Environment, risk and security: Life in the anthropocene
The Anthropocene is a new geological epoch defined by the transformative power of humans on the planet. Unmonitored carbon emissions, non-sustainable business practices and a host of other human activities have caused permanent changes to the earth’s surface, climate, ecosystems and biodiversity, resulting in the extinction of species, rising sea water levels, coastal erosion and severe weather systems.
Crucially, the Anthropocene signifies a distinct and irreversible rupture to the earth system. The profundity of this scientific fact has far-reaching consequences for social theorising and challenges deep-seated assumptions about our world and our place within it. If the physical reality that we occupy has radically altered, then we must also reconsider how we ought to live in the Anthropocene.
This course examines some emerging debates on the Anthropocene with a specific focus on security in an increasingly complex world of risk.
- How, it is asked, does our understanding of security and risk change when faced with the possibility of human extinction and what ethical guidelines can we adhere to or reject?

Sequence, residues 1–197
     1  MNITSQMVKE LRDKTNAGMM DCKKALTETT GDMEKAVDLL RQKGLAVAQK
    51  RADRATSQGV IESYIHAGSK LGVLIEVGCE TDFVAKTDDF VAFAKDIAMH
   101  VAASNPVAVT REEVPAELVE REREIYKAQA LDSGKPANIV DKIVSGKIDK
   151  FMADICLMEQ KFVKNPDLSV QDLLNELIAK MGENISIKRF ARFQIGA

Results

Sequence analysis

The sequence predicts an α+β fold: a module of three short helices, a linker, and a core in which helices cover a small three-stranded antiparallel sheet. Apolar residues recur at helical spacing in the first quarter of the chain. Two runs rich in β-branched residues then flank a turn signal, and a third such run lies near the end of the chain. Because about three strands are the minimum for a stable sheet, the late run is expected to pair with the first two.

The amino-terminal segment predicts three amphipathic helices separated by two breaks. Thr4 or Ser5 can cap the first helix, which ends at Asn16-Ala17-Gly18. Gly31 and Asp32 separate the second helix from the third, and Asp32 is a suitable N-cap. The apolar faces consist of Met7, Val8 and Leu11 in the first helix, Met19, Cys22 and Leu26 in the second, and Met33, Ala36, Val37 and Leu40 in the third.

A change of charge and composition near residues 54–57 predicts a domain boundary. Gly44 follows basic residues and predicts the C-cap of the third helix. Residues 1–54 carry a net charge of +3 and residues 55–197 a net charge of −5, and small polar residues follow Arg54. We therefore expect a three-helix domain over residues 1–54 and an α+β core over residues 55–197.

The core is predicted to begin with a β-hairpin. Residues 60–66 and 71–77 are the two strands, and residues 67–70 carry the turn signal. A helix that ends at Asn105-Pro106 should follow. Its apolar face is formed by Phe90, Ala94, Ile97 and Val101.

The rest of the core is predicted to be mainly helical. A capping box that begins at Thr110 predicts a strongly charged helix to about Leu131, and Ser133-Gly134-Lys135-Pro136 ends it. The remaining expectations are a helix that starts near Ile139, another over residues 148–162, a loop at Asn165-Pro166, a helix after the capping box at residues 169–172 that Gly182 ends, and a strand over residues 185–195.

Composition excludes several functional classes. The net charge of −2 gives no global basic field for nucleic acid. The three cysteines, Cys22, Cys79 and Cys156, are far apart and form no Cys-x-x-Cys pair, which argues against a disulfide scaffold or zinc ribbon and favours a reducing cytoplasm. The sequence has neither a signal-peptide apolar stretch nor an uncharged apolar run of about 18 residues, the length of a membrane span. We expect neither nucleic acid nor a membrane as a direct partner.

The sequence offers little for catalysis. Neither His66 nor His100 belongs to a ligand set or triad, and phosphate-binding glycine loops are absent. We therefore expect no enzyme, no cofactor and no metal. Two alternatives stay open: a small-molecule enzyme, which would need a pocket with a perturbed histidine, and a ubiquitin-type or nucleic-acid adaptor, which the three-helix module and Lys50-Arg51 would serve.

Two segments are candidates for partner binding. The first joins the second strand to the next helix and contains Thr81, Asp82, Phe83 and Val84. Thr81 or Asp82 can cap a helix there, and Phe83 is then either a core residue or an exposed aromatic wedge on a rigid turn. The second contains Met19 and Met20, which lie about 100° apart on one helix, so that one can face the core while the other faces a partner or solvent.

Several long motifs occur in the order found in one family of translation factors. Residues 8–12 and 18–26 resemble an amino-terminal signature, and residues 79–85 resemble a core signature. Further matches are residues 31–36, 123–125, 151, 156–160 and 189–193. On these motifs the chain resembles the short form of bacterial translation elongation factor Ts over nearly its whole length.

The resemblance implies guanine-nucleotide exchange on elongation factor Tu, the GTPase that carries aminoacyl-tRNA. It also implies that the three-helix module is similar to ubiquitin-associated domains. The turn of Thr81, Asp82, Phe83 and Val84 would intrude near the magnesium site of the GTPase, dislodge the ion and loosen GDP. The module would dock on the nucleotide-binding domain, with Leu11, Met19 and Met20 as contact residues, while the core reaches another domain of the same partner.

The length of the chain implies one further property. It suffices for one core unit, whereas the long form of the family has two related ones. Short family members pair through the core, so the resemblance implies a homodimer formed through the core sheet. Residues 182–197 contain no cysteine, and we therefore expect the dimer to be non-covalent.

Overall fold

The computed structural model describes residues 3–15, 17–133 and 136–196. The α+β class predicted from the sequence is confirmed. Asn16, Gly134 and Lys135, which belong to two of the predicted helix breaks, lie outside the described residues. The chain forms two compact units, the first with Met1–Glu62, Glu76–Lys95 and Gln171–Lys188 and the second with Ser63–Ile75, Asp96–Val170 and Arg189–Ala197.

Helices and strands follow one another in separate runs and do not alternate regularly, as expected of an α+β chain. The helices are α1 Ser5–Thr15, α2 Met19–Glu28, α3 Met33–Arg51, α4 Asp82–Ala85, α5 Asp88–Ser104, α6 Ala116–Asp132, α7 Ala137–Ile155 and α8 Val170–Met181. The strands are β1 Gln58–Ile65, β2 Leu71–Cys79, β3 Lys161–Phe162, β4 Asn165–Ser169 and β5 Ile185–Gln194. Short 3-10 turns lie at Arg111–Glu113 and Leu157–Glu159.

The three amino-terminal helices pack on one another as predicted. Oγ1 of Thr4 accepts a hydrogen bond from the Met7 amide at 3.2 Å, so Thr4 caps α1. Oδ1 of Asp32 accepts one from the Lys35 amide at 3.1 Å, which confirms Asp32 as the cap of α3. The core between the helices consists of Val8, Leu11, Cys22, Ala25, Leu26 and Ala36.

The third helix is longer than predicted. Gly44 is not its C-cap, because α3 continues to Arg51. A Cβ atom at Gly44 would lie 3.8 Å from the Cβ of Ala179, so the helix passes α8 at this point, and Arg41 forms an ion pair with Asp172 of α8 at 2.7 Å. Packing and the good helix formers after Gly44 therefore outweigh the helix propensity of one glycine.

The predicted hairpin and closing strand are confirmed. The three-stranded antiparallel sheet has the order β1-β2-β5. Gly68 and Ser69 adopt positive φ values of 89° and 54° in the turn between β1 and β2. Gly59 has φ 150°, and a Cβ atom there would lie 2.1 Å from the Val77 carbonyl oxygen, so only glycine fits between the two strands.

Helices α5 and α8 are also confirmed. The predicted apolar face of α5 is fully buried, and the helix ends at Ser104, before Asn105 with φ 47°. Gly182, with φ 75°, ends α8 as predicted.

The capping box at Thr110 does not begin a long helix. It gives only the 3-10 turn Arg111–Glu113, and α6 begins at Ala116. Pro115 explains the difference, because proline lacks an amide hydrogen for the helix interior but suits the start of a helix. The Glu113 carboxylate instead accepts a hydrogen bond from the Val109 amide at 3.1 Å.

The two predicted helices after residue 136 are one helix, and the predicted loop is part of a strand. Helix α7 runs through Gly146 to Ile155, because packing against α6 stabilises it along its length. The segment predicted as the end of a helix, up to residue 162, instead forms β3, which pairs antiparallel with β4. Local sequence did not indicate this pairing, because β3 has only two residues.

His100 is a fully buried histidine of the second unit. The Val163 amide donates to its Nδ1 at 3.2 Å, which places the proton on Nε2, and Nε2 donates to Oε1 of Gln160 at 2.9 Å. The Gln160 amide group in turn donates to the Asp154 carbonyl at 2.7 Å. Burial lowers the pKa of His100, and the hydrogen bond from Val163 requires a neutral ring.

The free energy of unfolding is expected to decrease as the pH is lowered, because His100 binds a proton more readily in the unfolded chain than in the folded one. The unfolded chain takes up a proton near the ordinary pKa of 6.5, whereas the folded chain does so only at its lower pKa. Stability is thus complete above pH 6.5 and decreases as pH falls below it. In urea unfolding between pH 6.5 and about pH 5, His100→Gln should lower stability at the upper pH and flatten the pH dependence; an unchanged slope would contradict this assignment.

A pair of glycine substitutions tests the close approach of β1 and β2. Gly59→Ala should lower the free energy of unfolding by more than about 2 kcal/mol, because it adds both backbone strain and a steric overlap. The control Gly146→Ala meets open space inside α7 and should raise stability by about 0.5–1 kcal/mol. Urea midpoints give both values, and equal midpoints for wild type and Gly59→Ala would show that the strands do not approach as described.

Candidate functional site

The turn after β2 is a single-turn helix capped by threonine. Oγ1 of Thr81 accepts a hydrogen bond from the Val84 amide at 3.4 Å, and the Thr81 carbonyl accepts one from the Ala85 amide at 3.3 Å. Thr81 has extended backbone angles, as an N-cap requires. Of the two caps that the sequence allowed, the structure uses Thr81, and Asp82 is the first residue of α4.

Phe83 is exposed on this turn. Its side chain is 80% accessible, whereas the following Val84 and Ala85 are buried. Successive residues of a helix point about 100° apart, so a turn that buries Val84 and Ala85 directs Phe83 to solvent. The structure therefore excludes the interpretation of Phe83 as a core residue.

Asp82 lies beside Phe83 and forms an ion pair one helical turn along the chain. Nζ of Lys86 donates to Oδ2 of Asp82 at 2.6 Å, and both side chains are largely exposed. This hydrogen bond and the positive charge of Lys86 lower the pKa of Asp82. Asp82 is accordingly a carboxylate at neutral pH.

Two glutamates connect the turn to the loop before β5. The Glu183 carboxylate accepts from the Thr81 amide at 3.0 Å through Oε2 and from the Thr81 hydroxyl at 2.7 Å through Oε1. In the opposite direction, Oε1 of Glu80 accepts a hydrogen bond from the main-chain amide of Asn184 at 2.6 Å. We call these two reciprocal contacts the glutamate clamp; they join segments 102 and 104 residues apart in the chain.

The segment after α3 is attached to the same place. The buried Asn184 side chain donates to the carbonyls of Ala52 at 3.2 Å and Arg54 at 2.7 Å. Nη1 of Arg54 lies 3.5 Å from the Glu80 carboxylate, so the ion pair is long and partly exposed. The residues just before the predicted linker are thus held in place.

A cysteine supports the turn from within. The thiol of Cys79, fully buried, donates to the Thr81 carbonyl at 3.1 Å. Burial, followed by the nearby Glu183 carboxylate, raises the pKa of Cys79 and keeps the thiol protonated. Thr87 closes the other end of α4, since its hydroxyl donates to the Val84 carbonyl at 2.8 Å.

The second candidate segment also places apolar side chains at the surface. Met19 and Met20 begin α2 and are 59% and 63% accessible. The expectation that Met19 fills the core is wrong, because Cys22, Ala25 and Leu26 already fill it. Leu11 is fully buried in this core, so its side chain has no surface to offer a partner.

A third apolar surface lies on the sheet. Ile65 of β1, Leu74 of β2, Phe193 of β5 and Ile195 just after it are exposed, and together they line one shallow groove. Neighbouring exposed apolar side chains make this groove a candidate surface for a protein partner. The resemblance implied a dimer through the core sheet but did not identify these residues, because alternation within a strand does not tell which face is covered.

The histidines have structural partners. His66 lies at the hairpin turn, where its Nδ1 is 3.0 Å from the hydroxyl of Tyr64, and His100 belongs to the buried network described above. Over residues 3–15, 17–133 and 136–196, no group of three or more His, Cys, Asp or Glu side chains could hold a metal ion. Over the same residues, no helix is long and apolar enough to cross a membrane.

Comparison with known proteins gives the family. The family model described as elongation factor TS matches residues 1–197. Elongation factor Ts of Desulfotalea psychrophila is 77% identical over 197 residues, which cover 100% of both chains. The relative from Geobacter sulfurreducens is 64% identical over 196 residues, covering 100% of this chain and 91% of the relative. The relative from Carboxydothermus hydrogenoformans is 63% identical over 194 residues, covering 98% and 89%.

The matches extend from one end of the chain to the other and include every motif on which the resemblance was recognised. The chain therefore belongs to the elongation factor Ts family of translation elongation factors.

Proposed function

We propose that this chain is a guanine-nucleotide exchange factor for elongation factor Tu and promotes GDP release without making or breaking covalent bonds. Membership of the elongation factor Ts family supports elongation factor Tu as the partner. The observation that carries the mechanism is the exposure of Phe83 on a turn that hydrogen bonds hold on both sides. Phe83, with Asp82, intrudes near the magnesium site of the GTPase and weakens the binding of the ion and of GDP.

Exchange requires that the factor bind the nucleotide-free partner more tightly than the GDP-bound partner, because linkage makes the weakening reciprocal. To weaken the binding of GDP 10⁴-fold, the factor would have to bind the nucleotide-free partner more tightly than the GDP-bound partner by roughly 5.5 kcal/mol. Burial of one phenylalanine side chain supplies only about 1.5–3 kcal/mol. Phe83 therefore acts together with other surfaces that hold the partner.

- What might a post-human analysis of security and risk in the Anthropocene look like?
- How can the practice, politics and ethics of the Anthropocene incorporate non-human and nature perspectives?
Dr. Simon Hollis is Senior Lecturer of Political Science with a focus on crisis management and international cooperation. His research interests and publications span local and global issues related to disaster resilience, disaster risk reduction and disaster management.
Notable publications include Disaster Risk Reduction in the Pacific and Caribbean Islands: The promise of Resilience (2020), and The Role of Regional Organizations in Disaster Risk Management: A strategy for global resilience (2015).